Out Of The Furnace is a very intense and well-acted drama that only makes one glaring plot mistake in an otherwise solidly written film by Crazy Heart’s Scott Cooper. The film takes place in the run-down steel town of North Braddock, PA. and tells the story of brothers Russell (Christian Bale) and Rodney (Casey Affleck) Baze. Russell is a good natured and hard working man who, like his ailing father, works at the steel mill and earns a meager but honest living. Rodney is a traumatized Iraqi war veteran whose inner rage prevents him from finding peace with a normal job and turns to gambling and illegal fighting under the guidance of small town crook, John Petty (Willem Dafoe). A tragic accident sees a tired and mildly intoxicated Russell hit another car and kill the mother and child within. This sends Russell to prison while Rodney’s inability to take a fall when required, leaves him in growing debt. Once his time is done, Russell is released to find his girlfriend Lena (Zoe Saldana) has left him for the local sheriff (Forest Whitaker), his father has died and Rodney in deep with the sleazy local gangster Petty. But despite his efforts to set his brother straight and get his life in order, Rodney forces Petty to get him involved with an illegal bare-knuckles fight run by vicious backwoods gangster Harlan DeGroat (Woody Harrelson) in the Ramapo Mountains in New Jersey. Rodney hopes this big payoff will clear his debt with Petty and clear Petty’s debt with DeGroat. But Harlan DeGroat is a devious and vile person and despite taking the fall he was told too, Rodney and Petty do not return home. The law’s inability to pierce the veil of silence around these mountain-folk and exact justice sets the mild-mannered Russell on a vengeful collision course that will put him face to face with a very dangerous man.
Make no mistake, as directed and co-written (with Brad Ingelsby) by Scott Cooper, this is a strong and sometimes powerful drama about a man who wants to live a simple, peaceful life, but is forced by circumstance to put his good-naturedness aside and take vengeful action. During the 80s this kind of plot might have been a far simpler film starring the likes of Chuck Norris or Steven Seagal, but under Cooper’s guidance, a simple revenge flick becomes a powerful story filled with multi-dimensional characters. And it is the characters that are the focus of this tale and not the minimal gunfire or occasional violence…though that has it’s own intensity as well. Which does bring me to my one gripe….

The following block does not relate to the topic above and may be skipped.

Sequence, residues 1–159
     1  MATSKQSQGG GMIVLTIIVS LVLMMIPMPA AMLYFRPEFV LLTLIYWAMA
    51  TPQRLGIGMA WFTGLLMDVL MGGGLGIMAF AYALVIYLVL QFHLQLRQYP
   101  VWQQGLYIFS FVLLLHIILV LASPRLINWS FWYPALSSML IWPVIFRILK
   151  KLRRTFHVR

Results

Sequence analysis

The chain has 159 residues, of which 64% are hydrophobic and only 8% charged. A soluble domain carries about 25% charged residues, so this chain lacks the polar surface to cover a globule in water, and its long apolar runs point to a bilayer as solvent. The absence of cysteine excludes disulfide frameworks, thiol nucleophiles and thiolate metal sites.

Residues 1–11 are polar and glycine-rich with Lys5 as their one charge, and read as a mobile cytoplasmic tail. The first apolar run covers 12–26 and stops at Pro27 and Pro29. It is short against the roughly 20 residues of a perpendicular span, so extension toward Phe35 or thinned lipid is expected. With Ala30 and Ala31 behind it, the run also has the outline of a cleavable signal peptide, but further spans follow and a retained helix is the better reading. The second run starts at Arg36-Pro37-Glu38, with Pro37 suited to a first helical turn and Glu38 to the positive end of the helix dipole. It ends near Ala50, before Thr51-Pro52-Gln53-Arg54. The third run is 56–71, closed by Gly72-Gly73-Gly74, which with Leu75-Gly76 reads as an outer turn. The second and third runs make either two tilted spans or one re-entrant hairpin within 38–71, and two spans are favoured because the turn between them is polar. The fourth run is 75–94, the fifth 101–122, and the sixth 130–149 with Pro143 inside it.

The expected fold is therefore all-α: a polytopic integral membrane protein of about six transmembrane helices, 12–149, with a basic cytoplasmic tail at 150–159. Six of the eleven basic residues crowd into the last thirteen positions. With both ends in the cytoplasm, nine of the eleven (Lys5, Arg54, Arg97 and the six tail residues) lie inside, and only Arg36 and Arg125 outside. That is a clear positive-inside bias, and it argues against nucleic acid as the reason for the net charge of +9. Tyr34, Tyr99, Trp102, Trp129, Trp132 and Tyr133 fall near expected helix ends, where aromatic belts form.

…As this film does choose to focus on the characters and the effects the film’s events has on their lives, I found it very hard to believe that Russell would put innocent people in harm’s way and in one instance, get someone killed for his own personal revenge. I understand he is driven by anger and frustration, but especially after seeing how torn-up he was after his car accident cost two innocents their lives, the fact that even now he would again put lives in danger, other than his own, is hard for me to accept. It’s the only major flaw I find with this otherwise engrossing drama. I don’t believe Russell would put his quest for payback before the lives of others and here he does not once but twice. To discuss it any deeper would be to present plot points important to the story, so I won’t go any further, but it doesn’t make sense coming from the character we’ve gotten to know.
And as we are discussing the characters, it’s only fitting to mention the great cast that brings them to life. Bale is once again near brilliant as the simple, kind-hearted Russell and portrays his slow burn path from simple steelworker taken by the events around him on courses that shatter the quiet life he seeks and has him turn against his very own moral code. Casey Affleck is a rage-filled powder keg and despite his anger and inner pain, we do feel sympathy for a man who fought through a nightmare for his country and now feels lost and abandoned by it. He and Bale have some really intense scenes together and I do mean intense. Defoe is solid, as always, as the sleazy, yet somehow likable small time crook Petty. He seems like the type of small fish criminal who doesn’t understand that he shouldn’t play in the bigger pond until it’s far too late. Harrelson again delivers the goods with his portrayal of Harlan DeGroat. He is intense, frightening and a little intriguing as the backwoods drug dealer and crime-lord with very little morality or sympathy. He’s a monster, but one with multiple dimensions and not a cliché or caricature as the role could have been in a lesser film. Saldana shows she is more then a pretty face as Lena, but her character seems to disappear for the most part once the meat of the plot gets in motion. She is good in her scenes, but the character all but disappears in the last act and seems forgotten. Rounding out the cast is Forest Whitaker doing his usual good work as the sheriff with whom Russell has personal issues involving Lena and Sam Shepard, who can sit in a chair and ooze character, is very likable in a small role as the Baze boys’ uncle.
So basically we have a simple story made into a powerful drama by a skilled writer/director and a simply great cast that is able to overcome a glaring plot flaw to retain it’s strength and impact by the time the credits role. Not quite a great movie, but a really damn good one with some top notch acting by a first rate cast.